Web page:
Sensory neuron-TRPV4 modulates temporomandibular disorder pain via CGRP in mice.


Temporomandibular disorder (TMD) pain that involves inflammation and injury in the temporomandibular joint (TMJ) and/or masticatory muscle is the most common form of orofacial pain. We recently found that transient receptor potential vanilloid-4 (TRPV4) in trigeminal ganglion (TG) neurons is upregulated after TMJ inflammation, and TRPV4 co-expresses with calcitonin gene-related peptide (CGRP) in TMJ-innervating TG neurons. Here, we extended these findings to determine the specific contribution of TRPV4 in TG neurons to TMD pain, and examine whether sensory neuron-TRPV4 modulates TMD pain via CGRP. In mouse models of TMJ inflammation or masseter muscle injury, sensory neuron-Trpv4 conditional knockout (cKO) mice displayed reduced pain. Co-expression of TRPV4 and CGRP in TMJ- or masseter muscle-innervating TG neurons was increased after TMJ inflammation and masseter muscle injury, respectively. Activation of TRPV4-expressing TG neurons triggered secretion of CGRP, which was associated with increased levels of CGRP in peri-TMJ tissues, masseter muscle, spinal trigeminal nucleus, and plasma in both models. Local injection of CGRP into the TMJ or masseter muscle evoked acute pain in naïve mice, while blockade of CGRP receptor attenuated pain in mouse models of TMD. These results suggest that TRPV4 in TG neurons contributes to TMD pain by potentiating CGRP secretion. Perspective: This study demonstrates that activation of TRPV4 in TG sensory neurons drives pain by potentiating the release of pain mediator CGRP in mouse models of TMJ inflammation and masseter muscle injury. Targeting TRPV4 and CGRP may be of clinical potential in alleviating TMD pain.





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Publication Info

Suttle, Abbie, Peng Wang, Fabiana C Dias, Qiaojuan Zhang, Yuhui Luo, Lauren Simmons, Andrey Bortsov, Inna E Tchivileva, et al. (2022). Sensory neuron-TRPV4 modulates temporomandibular disorder pain via CGRP in mice. The journal of pain. p. S1526-5900(22)00462-X. 10.1016/j.jpain.2022.12.001 Retrieved from

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Andrey V Bortsov

Assistant Professor in Anesthesiology

Dr. Andrey Bortsov is an Assistant Professor in the Department of Anesthesiology and holds a faculty position in the Center for Translational Pain Medicine (CTPM). He earned his Doctor of Medicine degree (1999) from Pavlov State Medical University, Saint Petersburg, Russia, and his PhD in Epidemiology (2010) from the University of South Carolina at Columbia.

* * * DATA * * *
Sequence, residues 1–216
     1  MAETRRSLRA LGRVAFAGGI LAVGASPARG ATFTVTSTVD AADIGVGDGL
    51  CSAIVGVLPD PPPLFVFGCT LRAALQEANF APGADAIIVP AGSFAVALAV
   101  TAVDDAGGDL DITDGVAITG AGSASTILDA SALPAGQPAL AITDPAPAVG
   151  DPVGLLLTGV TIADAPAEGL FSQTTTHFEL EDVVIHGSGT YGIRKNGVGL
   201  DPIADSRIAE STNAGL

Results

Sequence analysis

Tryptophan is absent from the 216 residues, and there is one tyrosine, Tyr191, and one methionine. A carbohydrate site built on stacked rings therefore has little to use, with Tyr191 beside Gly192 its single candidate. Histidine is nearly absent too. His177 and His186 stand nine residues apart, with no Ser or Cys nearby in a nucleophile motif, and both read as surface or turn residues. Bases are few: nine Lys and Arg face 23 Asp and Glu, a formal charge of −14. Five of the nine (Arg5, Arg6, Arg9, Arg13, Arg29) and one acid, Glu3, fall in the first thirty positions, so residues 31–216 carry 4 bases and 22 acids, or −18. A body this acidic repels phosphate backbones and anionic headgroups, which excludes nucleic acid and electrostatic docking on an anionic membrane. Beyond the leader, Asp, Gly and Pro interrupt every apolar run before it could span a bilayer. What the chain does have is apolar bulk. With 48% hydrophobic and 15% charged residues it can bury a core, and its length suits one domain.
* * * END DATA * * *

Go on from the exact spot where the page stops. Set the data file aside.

In 2010, he joined the faculty at UNC Department of Anesthesiology as a Research Assistant Professor, where he studied genetics and non-genetic risk factors of chronic pain development after traumatic stressful events. Dr. Bortsov has published more than 30 peer-reviewed articles and presented his work at major and national and international conferences.

Dr. Bortsov joined the faulty at Duke University in 2016, where he continues his work on pain genomics. His major area of interest is application of novel computational and statistical methods to big genomic datasets to develop prediction models for disease risk and treatment outcomes. 


Andrea Gail Nackley

Associate Professor in Anesthesiology

Pain is a multidimensional sensory and emotional experience that is important for our survival, but once pain becomes chronic it is no longer beneficial and, instead, becomes a disorder in and of itself. Chronic pain remains one of our nation’s most significant healthcare problems due to a limited understanding of the underlying genetic and environmental factors. There are three main objectives of our lab’s research in this area: 

  1. To determine the factors that put some people, but not others, at risk for maladaptive chronic pain conditions. To achieve this objective, we study genetic, biological, and environmental factors associated with the initial onset of pain as well as its severity and duration. In addition, we are beginning to study factors associated with patient-centered outcomes, which may have the power to predict optimal management strategies for different individuals.
  2. To elucidate the mechanism(s) whereby genetic, biological, and environmental factors drive chronic pain. To achieve this objective, we integrate molecular genetics, animal models, and clinical epidemiologic measures in order to reveal pathogenic processes that are unique to as well as common across a particular condition or individual(s). This line of inquiry will provide novel targets for the development of individualized therapeutics for the management of chronic pain.
  3. To improve pharmacologic management of pain. To achieve this objective, we conduct pre-clinical studies to test the efficacy of new compounds and to optimize the efficacy of existing compounds in patient-relevant animal models.

Yong Chen

Associate Professor in Neurology

Dr. Yong Chen is an Associate Professor of Neurology at the Duke University School of Medicine.  He is also affiliated with Duke Anesthesiology-Center for Translational Pain Medicine (CTPM) and Duke-Pathology.

The Chen lab mainly studies sensory neurobiology of pain and itch, with a focus on TRP ion channels and neural circuits. The main objective of our lab is to identify molecular and cellular mechanisms underlying chronic pain and chronic-disease associated itch, using a combination of animal behavioral, genetic, molecular and cellular, advanced imaging, viral, and optogenetic approaches.  There are three major research areas in the lab: craniofacial pain, arthritis pain and joint function, and systemic-disease associated itch.

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